RQ: Yes, she played the tenant. Interestingly, Henson Keys played the Fool back then, and now he is playing Lear this summer. I remember being swept away by something that took me on a journey. And although the version I am directing will be somewhat shorter than the 2003 production, I hope that it can have the same effect on the audience. I hope that people can become immersed in the story and that they can relate to the characters and find the humanity in them. I would like for people to walk away from the experience thinking of the characters in the play as real people who faced real struggles. That way, the audience can also think about how they might relate to what just happened on stage.
KN: When I imagine the world that Shakespeare has created for King Lear, my mind immediately goes in two different directions. On the one hand, the play feels like a kind of fairytale or folk story. There are Korean folktales about the youngest daughter—sometimes it is the third, sometimes the seventh—being cast out, but in the end being the most devoted child to their father. Maybe it is a universal story. We see traces of it in Cinderella’s relationship with her stepsisters, for example. On the other hand, I feel that Shakespeare exposes us to a dark, unrelenting vision of society and human nature. Treachery and cruelty permeate the world of King Lear. These two ideas do not necessarily mesh. Rather, I feel that I am being pulled in two different directions. How do you see the world of this play?
RQ: I think it is a dark world. It is relentlessly bleak in how the characters unfold through the decisions they make. The last play I directed at the Illinois Shakespeare Festival before the pandemic was As You Like It in 2019. That is a play where the characters have these epiphanies that converge towards the end of the play. They discover their better selves through their experiences in the Forest of Arden. You could say that King Lear is the opposite of that. The characters descend into the worst versions of themselves through their own blindness and their inability to see past their egos. I think that is one of the themes that the play examines: how selfishness, particularly selfishness held by someone in a position of power, can be destructive to a nation or a group. And in that sense, this play will always be relevant. The political side of this play feels very urgent and current to me. We live in a world where we see people abuse power in many different ways.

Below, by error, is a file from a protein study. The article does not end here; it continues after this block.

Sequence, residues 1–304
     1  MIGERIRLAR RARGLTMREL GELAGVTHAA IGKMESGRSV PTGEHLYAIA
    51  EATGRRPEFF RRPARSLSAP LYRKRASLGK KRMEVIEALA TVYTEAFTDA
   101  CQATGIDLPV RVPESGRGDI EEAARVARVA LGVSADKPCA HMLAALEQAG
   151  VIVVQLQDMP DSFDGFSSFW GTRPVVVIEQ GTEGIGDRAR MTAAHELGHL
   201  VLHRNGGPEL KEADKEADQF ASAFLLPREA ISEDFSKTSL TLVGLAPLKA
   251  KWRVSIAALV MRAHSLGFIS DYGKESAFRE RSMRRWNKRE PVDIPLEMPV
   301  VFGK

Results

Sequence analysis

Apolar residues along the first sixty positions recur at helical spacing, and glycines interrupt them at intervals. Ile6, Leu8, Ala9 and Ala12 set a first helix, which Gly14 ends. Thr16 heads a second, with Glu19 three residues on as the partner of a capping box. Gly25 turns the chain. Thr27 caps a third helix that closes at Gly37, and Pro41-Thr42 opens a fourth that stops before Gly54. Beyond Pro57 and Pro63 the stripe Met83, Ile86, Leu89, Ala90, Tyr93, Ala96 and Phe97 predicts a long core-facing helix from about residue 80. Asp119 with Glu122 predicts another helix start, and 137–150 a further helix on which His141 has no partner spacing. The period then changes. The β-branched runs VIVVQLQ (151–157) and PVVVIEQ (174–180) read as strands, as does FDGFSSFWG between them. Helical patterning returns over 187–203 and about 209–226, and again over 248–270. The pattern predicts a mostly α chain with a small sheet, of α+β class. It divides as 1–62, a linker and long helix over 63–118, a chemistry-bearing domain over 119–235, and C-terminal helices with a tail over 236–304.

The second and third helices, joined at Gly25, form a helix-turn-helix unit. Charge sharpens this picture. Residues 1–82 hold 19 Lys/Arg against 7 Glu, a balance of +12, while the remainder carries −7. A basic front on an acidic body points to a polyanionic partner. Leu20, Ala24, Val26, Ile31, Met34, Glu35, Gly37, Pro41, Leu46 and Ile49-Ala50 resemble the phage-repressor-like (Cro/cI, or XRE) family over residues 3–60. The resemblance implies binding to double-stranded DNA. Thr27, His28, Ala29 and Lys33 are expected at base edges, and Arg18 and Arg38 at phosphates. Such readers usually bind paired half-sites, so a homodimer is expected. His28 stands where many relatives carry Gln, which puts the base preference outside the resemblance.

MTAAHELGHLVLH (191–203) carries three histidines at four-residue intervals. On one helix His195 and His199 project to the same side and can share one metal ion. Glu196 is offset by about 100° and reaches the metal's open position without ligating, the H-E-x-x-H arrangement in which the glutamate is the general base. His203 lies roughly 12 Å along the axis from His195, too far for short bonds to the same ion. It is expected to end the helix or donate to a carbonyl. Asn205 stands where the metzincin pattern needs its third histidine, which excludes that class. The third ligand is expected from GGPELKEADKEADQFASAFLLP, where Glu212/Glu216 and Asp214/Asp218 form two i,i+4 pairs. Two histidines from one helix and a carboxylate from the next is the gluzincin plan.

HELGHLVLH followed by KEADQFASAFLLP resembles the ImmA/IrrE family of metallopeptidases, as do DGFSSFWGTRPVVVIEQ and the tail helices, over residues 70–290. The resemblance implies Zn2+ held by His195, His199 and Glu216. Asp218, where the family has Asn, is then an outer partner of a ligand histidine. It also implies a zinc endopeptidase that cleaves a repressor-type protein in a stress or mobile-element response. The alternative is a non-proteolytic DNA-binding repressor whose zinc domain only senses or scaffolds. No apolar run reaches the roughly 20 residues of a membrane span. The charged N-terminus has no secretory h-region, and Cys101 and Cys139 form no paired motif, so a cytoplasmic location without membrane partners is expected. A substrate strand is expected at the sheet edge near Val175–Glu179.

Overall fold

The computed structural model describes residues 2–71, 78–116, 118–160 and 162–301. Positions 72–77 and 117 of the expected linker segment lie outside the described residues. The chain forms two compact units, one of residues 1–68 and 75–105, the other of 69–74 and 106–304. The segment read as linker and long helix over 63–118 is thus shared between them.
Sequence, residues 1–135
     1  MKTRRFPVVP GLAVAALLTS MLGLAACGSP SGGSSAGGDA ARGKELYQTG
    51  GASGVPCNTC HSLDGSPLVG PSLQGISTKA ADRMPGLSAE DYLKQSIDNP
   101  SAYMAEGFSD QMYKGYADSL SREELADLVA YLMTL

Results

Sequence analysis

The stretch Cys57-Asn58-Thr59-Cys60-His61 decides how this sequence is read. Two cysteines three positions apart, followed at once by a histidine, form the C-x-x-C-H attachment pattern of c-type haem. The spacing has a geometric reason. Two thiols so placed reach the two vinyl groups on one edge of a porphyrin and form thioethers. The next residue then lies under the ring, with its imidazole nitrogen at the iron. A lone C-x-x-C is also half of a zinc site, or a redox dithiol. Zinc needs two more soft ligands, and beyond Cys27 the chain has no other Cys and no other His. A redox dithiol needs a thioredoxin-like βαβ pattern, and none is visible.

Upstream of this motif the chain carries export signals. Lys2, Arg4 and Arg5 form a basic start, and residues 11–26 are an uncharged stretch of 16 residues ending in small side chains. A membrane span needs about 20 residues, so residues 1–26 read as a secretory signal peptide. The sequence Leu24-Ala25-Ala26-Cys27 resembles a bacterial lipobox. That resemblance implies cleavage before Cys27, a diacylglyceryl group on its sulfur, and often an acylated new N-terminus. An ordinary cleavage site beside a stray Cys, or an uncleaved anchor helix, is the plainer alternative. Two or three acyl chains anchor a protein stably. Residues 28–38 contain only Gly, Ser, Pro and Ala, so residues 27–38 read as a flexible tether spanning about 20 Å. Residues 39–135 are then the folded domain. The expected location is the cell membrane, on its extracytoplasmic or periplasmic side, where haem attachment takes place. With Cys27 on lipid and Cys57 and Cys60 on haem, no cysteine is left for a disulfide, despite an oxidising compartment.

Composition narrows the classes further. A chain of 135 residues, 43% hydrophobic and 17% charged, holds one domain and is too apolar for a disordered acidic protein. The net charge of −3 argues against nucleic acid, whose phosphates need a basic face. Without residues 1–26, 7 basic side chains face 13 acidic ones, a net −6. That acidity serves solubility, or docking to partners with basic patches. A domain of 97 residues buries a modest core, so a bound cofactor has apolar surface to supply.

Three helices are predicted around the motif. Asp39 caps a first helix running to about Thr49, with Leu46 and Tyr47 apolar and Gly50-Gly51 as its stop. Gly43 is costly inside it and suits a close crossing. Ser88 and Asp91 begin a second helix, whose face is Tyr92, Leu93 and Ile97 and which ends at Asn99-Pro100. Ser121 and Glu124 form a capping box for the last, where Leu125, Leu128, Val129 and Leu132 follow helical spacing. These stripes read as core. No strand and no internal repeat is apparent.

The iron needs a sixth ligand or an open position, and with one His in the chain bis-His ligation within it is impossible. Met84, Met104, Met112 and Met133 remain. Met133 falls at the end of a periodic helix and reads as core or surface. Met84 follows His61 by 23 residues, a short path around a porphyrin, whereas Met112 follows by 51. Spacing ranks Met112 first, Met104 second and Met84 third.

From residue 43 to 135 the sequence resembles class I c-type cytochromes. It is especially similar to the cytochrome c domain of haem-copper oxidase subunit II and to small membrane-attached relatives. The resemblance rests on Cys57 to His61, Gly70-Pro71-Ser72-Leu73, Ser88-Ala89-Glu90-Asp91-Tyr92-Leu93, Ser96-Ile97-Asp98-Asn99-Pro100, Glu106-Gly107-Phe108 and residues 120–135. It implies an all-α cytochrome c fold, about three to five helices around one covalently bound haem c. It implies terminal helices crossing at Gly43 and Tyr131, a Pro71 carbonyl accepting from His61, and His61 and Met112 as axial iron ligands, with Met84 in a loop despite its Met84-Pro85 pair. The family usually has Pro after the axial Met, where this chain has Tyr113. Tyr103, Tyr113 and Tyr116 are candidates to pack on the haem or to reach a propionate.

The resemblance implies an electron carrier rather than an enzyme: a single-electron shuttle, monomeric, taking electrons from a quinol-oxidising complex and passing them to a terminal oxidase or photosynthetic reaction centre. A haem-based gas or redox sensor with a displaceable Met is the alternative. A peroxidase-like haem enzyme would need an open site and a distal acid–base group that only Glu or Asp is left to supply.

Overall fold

KN: On that note, I am curious how easily a contemporary audience can sympathize with a character like Lear and understand his destructive actions. I feel that right now, we are in a political moment where people—especially younger people—have lost patience with powerful old men who clutch onto their status and privilege. With all of the discouraging things we see in politics, do you think audiences will still have the capacity to feel pity for someone like Lear?
RQ: That is a great question. I do have a lot of compassion for Lear. When you look at his journey, it is tragic because he does make discoveries and learn from his mistakes. But he does it too late and he makes these realizations as he is also losing his footing in reality—that is sad to watch.
KN: Right. We see Lear regret his choices and want to make up for his mistakes. And the play very well could have ended with his redemption and healing—through his reconciliation with Cordelia. The play’s structure can accommodate that ending, which is perhaps why it is so devastating to see Cordelia and Lear’s tragic death in the end. I do not know if you know about this, but there was an adaptation of King Lear in the late 17th century by Nahum Tate. And in this version, Lear and Cordelia live to have a happy ending. Apparently, this adaptation replaced Shakespeare’s play on the English stage for over a century. It is interesting to think about why people gravitated towards this alternate version with a happy ending.
RQ: Right, they just could not handle the fact that Cordelia dies.
KN: Well, this instance shows that all of the components are there for a comforting resolution similar to As You Like It, where characters can make these discoveries and set their course straight. There is the promise of redemption and restoration. But King Lear does not give you that. The play fails to give these characters another chance.